We oppose this bill—we have to oppose the bill—because as it is an unfair bill. For years Labor opposed the GST. They went to three elections, starting from Paul Keating, opposing the GST. They did not want a GST. You will remember Kim Beazley, a former Western Australian colleague now enjoying his sinecure in the United States, going on about roll-back. If they got in they were going to roll the GST back. They thought it was terrible. The Rudd-Gillard governments have since been elected twice. I use the term ‘elected’, but we actually have more seats on this side. I remind the House on the third anniversary of the Labor government that it was ‘selected’ by the Independents after the last election because it failed to get enough seats. After three years the government has had an opportunity to roll back the GST and it has not.

In this bill the government is now saying, ‘The states have got the GST’—because we know that every cent raised by the GST goes back to the states as a growth tax—‘and we want to help ourselves to some of that.’ I say to the states: beware. Beware of the Commonwealth dipping its hand in your little back pocket and taking your money away from you because they will continue to erode that growth tax that was given to you as a reform of Commonwealth-state financial relationships. Remember the great Paul Keating saying:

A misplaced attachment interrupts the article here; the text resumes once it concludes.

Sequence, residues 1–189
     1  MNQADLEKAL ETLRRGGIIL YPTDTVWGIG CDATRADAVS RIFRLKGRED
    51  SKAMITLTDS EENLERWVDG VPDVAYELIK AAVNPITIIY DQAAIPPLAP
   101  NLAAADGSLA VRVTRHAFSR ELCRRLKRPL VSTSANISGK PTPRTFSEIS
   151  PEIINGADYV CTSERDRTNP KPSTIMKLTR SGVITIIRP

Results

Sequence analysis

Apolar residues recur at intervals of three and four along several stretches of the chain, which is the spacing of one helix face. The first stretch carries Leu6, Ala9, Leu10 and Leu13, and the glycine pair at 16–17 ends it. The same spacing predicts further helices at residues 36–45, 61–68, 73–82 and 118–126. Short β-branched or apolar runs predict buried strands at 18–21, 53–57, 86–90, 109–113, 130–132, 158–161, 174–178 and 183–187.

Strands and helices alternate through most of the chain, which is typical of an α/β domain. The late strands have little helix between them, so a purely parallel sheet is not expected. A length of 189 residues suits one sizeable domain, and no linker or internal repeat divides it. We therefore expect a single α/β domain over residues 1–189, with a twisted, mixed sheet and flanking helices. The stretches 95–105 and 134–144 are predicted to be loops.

Never get between a Premier and a bucket of money.

That is why we had to have a sustainable way of financing the states. Under the GST arrangements, every cent collected by the GST goes back to the states. This bill is opposed by many people. John Brumby put up a false front for a while, trying to ratchet up a better deal before he agreed to it. Mind you, no-one has signed any agreement yet. That was confirmed by the Prime Minister as reported in an article in, dare I say, the Australian on 19 November. The article by Sue Dunlevy and Matthew Franklin, referring to the government, says:

… it confirmed yesterday it had not secured a single signature agreeing to change the state, territory and federal tax arrangements.

Not one signature. The article goes on to say: